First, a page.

I also loved the characterisation of Verity - a tortured prisoner of war torn between her choices. Bordering on hysterical but always, always in control. It's very hard to speak about the characters without giving away plot spoilers so I'm going to have to keep it brief, but Verity encapsulated everything great about a character in adventure books. She was also - amazingly - a source of comic relief in the novel. She was a perfect balance of strength, vulnerability, role model and traitor. Very good.


However (sorry, guys, I'm always swooping in with the "buts"!) Code Name Verity is not perfect. It is not the shining example of brilliance I was kind of expecting...

After a very slow beginning (I didn't feel the unrelenting urge to keep reading until about 200 pages in) I felt there was far too much war jargon, acronyms and tactical/technical information. While I enjoyed learning about female WWII pilots, I didn't enjoy feeling as though I could probably navigate airfield to airfield myself by the end of the book. The constant flight information was overbearing to the point of skipping pages. It wasn't until reading the authors notes at the end I found out Elizabeth Wein is a pilot herself. It made a little more sense at that point, but it really dragged down the pace of the story.

Also... ***Slight spoilers in the next paragraph***

The ending left me feeling a little... meh. It just kind of petered out! After a heartwrenching act of friendship at it's climax, the story continues in something of a meandering nonsense towards the final page. I found it devoid of any real emotion which utterly surprised me considering how much I loved the characters. Simply being told "I am now crying" is just not the same as experiencing an emotion with the character. Considering the format is a diary, we should be welcomed into the inner turmoils of the narrator, and yet all we have is words to the effect of "I must stop before my tears smudge the ink". Show don't tell just didn't seem to apply very much and it was such a shame.

***Spoilers done***

So, overall I loved the original concept and insight to WWII Code Name Verity provides. It has some wonderful characters, and lots of questions to keep you going despite long periods of "war talk" that may simply pass over the head of some readers. The finale, despite it's lack of momentum after the climax, was painful and suitably fitting all at once. Endings were tied up nicely, too, which was quite neat.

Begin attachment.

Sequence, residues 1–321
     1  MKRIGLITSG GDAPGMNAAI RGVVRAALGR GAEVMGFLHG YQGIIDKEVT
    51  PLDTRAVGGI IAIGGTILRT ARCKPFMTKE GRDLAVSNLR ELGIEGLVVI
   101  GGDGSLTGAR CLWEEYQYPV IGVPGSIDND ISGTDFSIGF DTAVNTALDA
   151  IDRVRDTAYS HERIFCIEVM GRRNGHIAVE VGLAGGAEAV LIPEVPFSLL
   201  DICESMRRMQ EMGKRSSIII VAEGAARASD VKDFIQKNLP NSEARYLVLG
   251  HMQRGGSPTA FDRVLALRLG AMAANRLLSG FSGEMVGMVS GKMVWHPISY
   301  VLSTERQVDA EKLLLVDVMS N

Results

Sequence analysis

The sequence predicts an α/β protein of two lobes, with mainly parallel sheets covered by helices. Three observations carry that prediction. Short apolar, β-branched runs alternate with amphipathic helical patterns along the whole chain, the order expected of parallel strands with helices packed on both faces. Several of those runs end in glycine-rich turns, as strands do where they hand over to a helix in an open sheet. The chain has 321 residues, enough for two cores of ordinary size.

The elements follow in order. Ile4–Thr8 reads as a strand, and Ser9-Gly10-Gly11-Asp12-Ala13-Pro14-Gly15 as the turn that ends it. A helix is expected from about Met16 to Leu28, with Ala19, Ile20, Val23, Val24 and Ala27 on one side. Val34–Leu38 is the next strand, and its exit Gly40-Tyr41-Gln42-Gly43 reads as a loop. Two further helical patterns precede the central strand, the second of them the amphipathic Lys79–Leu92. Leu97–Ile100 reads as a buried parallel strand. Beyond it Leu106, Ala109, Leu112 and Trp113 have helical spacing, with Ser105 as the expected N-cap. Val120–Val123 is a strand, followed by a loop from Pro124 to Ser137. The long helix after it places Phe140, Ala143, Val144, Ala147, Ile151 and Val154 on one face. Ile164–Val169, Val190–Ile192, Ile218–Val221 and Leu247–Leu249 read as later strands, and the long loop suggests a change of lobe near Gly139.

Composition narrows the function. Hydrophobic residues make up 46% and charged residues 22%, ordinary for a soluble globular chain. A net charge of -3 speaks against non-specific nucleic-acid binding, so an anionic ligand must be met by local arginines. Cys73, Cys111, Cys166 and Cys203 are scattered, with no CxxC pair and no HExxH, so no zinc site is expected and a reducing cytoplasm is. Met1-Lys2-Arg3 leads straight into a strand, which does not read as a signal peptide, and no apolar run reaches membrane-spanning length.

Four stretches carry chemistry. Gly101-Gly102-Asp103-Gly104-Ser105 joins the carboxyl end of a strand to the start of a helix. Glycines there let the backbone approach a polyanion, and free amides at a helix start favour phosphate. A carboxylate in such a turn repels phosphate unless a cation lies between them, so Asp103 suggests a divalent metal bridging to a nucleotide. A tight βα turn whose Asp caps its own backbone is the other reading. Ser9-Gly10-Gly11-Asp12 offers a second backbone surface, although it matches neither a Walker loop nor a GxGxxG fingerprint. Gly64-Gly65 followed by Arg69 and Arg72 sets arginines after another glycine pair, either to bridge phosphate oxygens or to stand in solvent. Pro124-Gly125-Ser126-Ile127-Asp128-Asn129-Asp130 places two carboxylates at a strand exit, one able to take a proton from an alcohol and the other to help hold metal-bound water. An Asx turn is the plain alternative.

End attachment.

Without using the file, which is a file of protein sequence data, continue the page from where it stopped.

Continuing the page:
8/10 for Code Name Verity :)
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While I've been away...

Hello! I have had a week off to cycle, recover and enjoy a visit back home to Cambridge, and now I have returned with photos to tell you all about it!

It's been a crazy past few days, and I can't believe some of the things I did were only a week ago. Not to mention my disbelief at the wonderful weather I was treated to. It's been a brilliant break. So here's what I did:

First up, I took part in the Bedfordshire Cycletta! I've been boring you all with blog updates of my training and now I can happily say that I completed the 57KM (The routes were made a bit shorter due to roadworks) in 3 hours and 20 mins - WOOHOO! It's not the greatest time on the board, but as my target was 4 hours I am elated. Big thank-yous to everyone who helped me raise the amazing total of sponsorship to be sent to Parkinson's UK. I feel all gooey inside thinking about how lovely my friends and family are for supporting me. Here's some red and sweaty photos, complete with helmet-hair, to celebrate the ride (all I can say is heat and hills are a killer!)




While recovering from all that exercise at my mum's, we went to see Despicable Me 2. Mostly because my family are big kids, and who doesn't love a minion?! My brother and I were inspired to make our own minion cake pops. We're no bakers so the effort was a pretty poor one when compared to the awesome examples on Pinterest(!), but a couple came out vaguely cute haha.

Minions!

The rest of the week was spent eating a TONNE of food. I visited Cau (which has just opened in Cambridge and I believe also just opened in Bristol too?) and was super impressed with my steak sandwich - highly recommended. I also spent a lot of time in local Cambridge-y pubs and cafes. There's just something about them in Cambridge that you can't find anywhere else. Perhaps it's the students?!

Cau Steak Sarnie
I got to finally meet the lovely Claire from Claireabellmakes too. We should have taken a selfie! Alas we didn't, but she will be popping up on the blog soon as we have some book/craft mash-ups planned. Exciting!

Heaven!

Book-wise, I read Code Name Verity (review will be up later this week) and got half way through The Panopticon :)

So what have you all been up to? What have I missed?!